The Ecology of a Cryptic Game Species
Woodcock PhD Project
The Eurasian Woodcock Scolopax rusticola is a unique wader that breeds in woodland but for most of the year feeds at night outside woodland, typically on farmland. It breeds across Europe with strongholds in Scandinavia and north-west Russia. It winters in Ireland, Britain and other southern European countries. The European breeding population is listed as “Secure” at EU level and as “Least Concern” on the IUCN’s Global Red List. However, the Irish breeding population has undergone a severe decline in its range over the last 40 years, resulting in it being added to the Red List of breeding birds in Ireland.
In Ireland the reasons for the decline are unknown but are likely to include changes in habitat linked to more intensive farming, climate change and predation pressure. The Woodcock is also a popular quarry species in Ireland but there is little information on the sustainability of hunting by local and tourist hunters.
Woodcock population ecology has been addressed in parts of Europe, however we have limited information from in Ireland. Better information on the factors influencing Woodcock distribution and abundance, as well as an understanding of the size of the shooting bag and what percentage of this constitutes Irish breeding birds, is urgently required to ensure robust management recommendations and initiatives.
This PhD project aims to examine the factors influencing the distribution of Woodcock during the breeding and winter seasons and model the sustainability of hunting on resident and migratory Woodcock.
Woodcock Breeding Ecology
This PhD project aims to coordinate a national census of breeding woodcock across Ireland and model the distribution in relation to its habitat preferences and provide a baseline for future monitoring. Using key features from this model along with climate variables, the project will attempt to explain the apparent contraction in breeding range over the last 40 years.
The distribution of Eurasian woodcock is extremely large (over 15 million km2) stretching from Japan to Ireland with a population estimates from 10-26 million individuals (Wetlands International 2015). The breeding range covers much of Ireland and Britain, however, data from Breeding Atlas conducted between 1968 and 2011 show there has been a considerable reduction in the breeding range. As there has been significant change to the Atlas survey methods it is not completely clear if the contraction is due to a decrease in breeding distribution or if the change in survey method is contributing to the range contraction we see in the Atlas data.
Woodcock are a notoriously cryptic species and their nocturnal habits make it difficult to monitor the breeding population using traditional survey methods. A special survey method for breeding Woodcock was devised in UK by Andrew Hoodless of the Game and Wildlife Conservation Trust, which uses the counts of the roding flights, undertaken by males at dusk and dawn, to provide a baseline estimate of the number of males present in an area.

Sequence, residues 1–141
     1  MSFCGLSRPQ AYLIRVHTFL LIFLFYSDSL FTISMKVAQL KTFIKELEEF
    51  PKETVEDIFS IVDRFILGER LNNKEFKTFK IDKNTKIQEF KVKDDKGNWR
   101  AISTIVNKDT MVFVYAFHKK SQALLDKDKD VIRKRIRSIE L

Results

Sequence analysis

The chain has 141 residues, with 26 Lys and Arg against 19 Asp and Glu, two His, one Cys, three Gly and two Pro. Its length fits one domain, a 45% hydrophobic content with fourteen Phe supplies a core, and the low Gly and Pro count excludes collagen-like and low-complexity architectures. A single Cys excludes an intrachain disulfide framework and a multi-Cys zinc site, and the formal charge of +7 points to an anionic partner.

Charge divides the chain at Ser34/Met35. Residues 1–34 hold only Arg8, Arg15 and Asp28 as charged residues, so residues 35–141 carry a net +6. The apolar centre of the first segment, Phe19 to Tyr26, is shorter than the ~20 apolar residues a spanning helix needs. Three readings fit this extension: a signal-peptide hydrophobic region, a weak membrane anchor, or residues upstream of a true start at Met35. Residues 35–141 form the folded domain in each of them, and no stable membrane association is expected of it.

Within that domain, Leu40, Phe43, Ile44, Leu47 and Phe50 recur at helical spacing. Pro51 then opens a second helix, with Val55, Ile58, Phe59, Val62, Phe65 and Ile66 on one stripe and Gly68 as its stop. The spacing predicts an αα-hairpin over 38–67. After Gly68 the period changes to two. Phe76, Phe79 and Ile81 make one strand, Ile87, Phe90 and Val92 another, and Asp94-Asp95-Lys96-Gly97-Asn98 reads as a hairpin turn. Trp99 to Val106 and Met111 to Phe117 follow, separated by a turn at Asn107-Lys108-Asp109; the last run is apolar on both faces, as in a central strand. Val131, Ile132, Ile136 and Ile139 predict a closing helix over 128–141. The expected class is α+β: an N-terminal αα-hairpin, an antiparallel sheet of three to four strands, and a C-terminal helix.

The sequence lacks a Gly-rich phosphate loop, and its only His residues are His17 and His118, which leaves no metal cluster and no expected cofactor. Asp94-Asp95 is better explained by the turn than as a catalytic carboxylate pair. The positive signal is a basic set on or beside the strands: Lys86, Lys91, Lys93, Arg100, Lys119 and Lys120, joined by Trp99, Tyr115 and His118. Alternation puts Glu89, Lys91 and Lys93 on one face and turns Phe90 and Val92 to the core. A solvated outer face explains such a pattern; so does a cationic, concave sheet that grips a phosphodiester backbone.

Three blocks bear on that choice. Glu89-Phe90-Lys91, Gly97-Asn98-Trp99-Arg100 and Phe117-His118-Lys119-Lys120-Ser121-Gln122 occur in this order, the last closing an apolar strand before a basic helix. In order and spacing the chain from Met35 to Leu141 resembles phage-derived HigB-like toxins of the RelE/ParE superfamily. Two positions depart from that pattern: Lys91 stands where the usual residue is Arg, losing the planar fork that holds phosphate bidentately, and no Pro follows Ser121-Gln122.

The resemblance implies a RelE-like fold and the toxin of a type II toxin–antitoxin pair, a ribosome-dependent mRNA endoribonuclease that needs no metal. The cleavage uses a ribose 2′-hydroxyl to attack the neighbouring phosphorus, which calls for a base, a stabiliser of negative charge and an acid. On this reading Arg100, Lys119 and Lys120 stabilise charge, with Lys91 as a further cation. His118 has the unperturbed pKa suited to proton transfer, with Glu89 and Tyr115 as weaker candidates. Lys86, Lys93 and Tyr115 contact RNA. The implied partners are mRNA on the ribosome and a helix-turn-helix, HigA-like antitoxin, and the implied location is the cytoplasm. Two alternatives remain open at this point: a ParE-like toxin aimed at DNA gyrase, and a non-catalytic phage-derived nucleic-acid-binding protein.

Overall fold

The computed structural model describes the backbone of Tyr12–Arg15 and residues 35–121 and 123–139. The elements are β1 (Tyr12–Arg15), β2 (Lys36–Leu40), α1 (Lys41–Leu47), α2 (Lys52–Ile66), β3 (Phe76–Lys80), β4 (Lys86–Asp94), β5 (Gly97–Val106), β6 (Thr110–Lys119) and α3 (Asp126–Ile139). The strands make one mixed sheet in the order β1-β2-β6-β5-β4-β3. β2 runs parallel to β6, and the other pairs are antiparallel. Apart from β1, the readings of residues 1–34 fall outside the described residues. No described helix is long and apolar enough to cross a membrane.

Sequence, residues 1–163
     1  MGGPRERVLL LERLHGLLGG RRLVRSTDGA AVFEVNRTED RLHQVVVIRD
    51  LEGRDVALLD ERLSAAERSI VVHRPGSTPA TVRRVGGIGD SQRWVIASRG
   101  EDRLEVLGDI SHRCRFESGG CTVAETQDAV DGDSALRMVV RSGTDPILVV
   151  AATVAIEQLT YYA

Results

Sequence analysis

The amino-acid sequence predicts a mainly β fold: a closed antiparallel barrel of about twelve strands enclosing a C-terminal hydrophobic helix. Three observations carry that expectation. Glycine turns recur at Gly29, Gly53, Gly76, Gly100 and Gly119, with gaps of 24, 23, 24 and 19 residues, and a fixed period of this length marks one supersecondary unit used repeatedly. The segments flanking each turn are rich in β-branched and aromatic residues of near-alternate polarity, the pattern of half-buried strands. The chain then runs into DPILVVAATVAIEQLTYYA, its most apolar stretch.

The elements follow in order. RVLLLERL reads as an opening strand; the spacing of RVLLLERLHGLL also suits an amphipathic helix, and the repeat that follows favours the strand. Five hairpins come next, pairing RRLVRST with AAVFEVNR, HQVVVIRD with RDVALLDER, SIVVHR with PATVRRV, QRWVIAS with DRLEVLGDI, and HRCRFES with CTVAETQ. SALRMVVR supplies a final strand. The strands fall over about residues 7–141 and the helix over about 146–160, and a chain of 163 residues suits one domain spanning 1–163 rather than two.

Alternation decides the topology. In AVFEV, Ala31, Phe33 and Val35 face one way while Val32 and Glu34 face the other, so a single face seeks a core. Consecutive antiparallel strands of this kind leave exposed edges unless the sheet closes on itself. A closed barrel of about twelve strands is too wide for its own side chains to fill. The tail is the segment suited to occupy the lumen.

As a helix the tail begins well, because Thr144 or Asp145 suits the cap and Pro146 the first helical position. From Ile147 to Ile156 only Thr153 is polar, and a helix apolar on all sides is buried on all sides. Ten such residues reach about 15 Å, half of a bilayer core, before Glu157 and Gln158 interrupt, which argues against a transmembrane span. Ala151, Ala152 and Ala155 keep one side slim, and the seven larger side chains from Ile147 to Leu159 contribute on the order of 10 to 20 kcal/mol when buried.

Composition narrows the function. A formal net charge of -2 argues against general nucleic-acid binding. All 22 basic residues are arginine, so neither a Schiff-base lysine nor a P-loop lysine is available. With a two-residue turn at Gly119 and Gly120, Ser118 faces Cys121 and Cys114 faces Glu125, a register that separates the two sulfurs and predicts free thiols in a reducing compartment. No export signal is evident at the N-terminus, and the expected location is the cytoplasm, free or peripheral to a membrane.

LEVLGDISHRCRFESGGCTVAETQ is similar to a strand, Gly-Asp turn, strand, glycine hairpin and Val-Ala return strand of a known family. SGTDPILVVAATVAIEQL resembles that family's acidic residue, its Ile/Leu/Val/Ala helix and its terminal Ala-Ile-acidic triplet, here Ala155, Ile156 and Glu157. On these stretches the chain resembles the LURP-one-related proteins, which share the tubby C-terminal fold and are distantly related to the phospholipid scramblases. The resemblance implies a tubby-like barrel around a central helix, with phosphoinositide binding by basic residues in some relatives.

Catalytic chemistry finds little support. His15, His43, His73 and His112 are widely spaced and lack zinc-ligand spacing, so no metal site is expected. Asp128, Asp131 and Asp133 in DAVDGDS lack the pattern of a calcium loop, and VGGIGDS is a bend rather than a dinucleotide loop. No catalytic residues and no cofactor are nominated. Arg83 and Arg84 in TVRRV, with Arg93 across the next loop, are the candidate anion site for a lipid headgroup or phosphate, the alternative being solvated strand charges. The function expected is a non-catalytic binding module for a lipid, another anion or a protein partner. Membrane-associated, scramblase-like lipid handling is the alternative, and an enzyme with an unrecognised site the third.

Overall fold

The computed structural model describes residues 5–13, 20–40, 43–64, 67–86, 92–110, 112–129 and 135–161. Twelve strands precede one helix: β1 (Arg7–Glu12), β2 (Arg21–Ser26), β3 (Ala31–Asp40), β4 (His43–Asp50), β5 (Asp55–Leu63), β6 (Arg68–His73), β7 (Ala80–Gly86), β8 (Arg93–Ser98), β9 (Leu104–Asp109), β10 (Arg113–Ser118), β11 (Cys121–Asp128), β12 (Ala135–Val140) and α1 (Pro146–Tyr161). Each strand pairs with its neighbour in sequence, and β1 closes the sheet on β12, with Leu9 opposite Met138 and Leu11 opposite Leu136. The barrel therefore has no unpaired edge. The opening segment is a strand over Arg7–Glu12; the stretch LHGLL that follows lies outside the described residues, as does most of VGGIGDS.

This PhD project aims to undertake the first Irish breeding Woodcock Survey to provide a baseline against which to assess future population change. To get involved with the Breeding Woodcock Survey please click on the link below!
The project also aims to coordinate a winter census of woodcock across Ireland to estimate the number of birds that migrate into Ireland each winter. Woodcock foraging behaviour will also be examined and the effect of changes in land-use on food availability and habitat selection will be investigated.
Each winter there is a large influx of migrants that boosts the resident population. It is not known how many migrants arrive to Ireland. The origins of these migrants is also largely unknown. This project aims to quantify the proportion of migrants through examining bag totals and conducting stable isotope analysis on feathers from the wings of individuals that have been shot.
The project also aims to determine habitat use and foraging behaviour of wintering woodcock, which are invertebrate specialists, feeding mostly on earthworms. The intensification of agriculture and climate change are likely to significantly impact food availability and suitable habitat. Woodcock feed largely on fields at night in winter. Detailed habitat use and foraging behaviour will be determined by attaching small GPS loggers to radio tags and using radio tracked woodcock to investigate feeding activity and habitat selection.
As previously mentioned, Woodcock are an important quarry species but harvest rates and the effect on Woodcock populations are not known in Ireland.
The project aims to examine regional variation in bag sizes and how this variation relates to winter distribution. To effectively model the impacts of shooting and different shooting scenarios it will be necessary to collect data on the numbers of Woodcock present (seen), frequency of shoots, type of shooting (rough verses commercial) and the proportion of birds seen that are shot. Bag totals and typical harvest rate according to shooting type would enable the likely impact of shooting on adult survival to be modelled. Population estimates from winter and breeding surveys will help to determine the proportion of individuals harvested by Irish shooters from population of Eurasian woodcock.
UCC Woodcock Research Group
- Jessica Perrott
- Luke Harman
- Professor John Quinn
- Professor John O'Halloran
- Address: School of Biological, Earth and Environmental Sciences (BEES) | University College Cork | North Mall Campus | Ireland
- For further information on the Woodcock PhD project, please email email@example.com